Two grants awarded in the fight against breast cancer
Renée van Amerongen, MacGillavry fellow and assistant professor in the section of Molecular Cytology at the Swammerdam Institute for Life Sciences (SILS) was awarded €265k by the Dutch Cancer Society (KWF kankerbestrijding) in December 2015. Her proposal, submitted as part of the ‘Alpe d’HuZes Unieke kansen: Baanbrekende ideeën’ call, aims to develop and engineer novel experimental systems to track stem cells in the mammary gland. The work will be carried out by Anoeska van de Moosdijk, a PhD candidate. Then in January 2016, Katrin Wiese, a postdoc in Van Amerongen’s team was awarded a 2-year Marie Curie Individual Fellowship. Her proposal, ‘WntELECT’, is aimed at uncovering the molecular mechanisms that ultimately control stem cell activity in the mammary gland.
One out of every eight women will develop breast cancer during her life. Many subtypes of breast cancer exist, with different clinical outcomes and distinct opportunities for therapeutic intervention. A better understanding of the normal growth properties of the tissue, will help in dissecting what goes wrong during cancer development.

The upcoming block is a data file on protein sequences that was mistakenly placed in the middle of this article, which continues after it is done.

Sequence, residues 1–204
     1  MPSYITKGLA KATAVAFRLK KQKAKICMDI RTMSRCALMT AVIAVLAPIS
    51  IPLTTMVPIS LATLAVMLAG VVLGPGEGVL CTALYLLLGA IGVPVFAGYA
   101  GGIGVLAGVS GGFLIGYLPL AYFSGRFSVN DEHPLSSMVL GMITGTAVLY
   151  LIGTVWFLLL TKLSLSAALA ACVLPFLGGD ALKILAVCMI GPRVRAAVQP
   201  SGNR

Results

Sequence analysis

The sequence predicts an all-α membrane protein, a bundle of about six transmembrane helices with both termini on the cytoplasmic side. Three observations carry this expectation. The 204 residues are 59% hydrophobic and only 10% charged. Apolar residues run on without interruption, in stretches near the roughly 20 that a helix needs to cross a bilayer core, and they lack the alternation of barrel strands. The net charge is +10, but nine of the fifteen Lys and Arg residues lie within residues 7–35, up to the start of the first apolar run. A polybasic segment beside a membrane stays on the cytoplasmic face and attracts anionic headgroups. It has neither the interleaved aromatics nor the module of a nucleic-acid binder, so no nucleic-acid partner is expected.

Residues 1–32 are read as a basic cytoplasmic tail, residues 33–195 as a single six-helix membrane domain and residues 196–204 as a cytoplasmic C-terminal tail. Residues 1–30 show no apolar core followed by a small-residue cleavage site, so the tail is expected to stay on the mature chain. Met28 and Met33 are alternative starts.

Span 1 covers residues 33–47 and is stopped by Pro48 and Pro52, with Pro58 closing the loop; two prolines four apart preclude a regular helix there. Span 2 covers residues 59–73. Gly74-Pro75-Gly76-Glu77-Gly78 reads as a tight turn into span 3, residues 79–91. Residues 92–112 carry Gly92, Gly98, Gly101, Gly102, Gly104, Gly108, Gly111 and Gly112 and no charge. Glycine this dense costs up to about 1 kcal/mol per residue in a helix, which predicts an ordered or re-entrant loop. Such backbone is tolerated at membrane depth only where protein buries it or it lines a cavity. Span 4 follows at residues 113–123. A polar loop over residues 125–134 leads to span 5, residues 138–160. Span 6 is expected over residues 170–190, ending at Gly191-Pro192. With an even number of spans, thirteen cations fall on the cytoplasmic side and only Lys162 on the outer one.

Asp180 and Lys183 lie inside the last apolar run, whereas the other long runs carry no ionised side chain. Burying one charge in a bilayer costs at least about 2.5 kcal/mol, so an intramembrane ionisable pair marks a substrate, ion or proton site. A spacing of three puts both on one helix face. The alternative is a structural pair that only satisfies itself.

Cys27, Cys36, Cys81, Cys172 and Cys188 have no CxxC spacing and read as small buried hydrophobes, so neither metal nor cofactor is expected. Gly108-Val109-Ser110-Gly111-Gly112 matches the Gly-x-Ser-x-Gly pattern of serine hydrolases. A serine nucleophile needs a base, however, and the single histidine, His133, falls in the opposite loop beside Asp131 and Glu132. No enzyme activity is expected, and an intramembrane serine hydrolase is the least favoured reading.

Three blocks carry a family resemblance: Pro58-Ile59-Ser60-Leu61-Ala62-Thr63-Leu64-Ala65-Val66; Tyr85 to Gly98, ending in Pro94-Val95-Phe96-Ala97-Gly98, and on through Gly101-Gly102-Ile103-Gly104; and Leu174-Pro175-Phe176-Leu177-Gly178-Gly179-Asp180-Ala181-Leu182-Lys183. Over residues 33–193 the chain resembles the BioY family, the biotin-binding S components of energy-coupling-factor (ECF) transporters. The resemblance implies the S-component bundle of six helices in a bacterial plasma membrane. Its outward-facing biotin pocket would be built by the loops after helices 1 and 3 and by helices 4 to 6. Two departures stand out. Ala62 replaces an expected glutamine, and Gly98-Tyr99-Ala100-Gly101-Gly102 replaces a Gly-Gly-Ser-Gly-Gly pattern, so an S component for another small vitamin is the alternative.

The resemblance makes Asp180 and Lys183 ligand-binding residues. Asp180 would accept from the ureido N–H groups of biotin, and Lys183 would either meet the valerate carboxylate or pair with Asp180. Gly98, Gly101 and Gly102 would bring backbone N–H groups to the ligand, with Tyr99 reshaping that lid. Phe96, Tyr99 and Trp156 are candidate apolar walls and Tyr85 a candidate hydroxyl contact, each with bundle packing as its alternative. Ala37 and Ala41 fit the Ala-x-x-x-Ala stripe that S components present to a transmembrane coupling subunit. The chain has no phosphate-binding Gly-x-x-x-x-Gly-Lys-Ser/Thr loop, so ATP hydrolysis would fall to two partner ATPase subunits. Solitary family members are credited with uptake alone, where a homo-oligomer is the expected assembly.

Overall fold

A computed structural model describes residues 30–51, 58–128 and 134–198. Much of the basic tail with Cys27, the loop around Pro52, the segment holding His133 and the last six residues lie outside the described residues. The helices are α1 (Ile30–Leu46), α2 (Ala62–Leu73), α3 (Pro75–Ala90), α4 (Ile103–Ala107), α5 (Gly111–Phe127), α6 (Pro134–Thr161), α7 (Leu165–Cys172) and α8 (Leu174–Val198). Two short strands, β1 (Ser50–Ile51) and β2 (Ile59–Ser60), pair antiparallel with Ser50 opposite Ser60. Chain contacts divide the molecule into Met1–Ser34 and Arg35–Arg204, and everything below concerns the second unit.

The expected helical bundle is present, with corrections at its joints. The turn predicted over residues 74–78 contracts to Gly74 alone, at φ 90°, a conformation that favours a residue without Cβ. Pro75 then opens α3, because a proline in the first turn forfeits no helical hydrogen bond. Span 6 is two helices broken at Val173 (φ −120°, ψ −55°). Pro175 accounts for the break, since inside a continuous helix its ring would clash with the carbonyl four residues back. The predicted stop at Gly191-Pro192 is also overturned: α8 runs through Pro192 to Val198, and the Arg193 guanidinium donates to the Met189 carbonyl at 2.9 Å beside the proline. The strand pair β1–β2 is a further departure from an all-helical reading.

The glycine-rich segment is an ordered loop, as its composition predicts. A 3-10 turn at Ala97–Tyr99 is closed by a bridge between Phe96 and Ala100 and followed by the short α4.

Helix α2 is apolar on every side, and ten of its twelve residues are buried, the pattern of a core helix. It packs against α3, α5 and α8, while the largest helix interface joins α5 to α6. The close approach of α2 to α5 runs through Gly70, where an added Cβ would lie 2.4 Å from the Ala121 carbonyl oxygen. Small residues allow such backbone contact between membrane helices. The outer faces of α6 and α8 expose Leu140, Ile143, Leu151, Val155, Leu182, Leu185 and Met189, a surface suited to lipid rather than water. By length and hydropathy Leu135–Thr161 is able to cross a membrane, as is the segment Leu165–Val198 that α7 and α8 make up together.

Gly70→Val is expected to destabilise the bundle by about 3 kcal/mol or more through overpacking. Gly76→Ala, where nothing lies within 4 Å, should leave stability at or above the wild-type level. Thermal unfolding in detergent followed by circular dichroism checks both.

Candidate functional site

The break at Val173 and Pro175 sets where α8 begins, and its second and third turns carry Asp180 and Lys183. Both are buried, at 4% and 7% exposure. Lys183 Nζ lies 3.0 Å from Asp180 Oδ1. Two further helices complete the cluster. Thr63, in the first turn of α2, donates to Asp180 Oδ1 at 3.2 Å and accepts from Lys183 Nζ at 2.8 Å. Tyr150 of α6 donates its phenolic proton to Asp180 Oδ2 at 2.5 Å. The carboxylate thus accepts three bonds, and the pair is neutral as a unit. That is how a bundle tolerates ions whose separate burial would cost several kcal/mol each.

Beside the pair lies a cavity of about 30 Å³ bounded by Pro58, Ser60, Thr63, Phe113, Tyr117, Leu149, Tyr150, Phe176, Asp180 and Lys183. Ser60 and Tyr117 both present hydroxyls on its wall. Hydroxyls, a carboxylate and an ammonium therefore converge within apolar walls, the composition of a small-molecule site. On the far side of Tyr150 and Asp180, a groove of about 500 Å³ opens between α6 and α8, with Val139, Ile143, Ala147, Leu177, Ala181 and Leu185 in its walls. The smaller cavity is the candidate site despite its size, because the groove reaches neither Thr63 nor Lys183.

A link between stem cells and breast cancer
The mammary epithelium itself undergoes dynamic morphological changes under the influence of cycling hormone levels. This is most notable during puberty and pregnancy. However, it also occurs during each menstrual cycle, when additional side branches form and regress. Growth and maintenance of the mammary epithelium is possible due to the presence of stem cells, which have the capacity to both self-renew (i.e. to make an identical copy of themselves) and differentiate (i.e. to give rise to a specialised daughter cell). A disruption in this delicate balance can contribute to cancer formation. Van Amerongen and her team aim to improve existing methods to allow better and brighter visualisation of these stem cells in complex tissues. In addition, they seek to identify the molecular mechanisms that control the balance between self-renewal and differentiation. For this, the team closely collaborates with other researchers in the section of Molecular Cytology, including prof.dr. Dorus Gadella. In addition, they collaborate with scientists at the Netherlands Cancer Institute.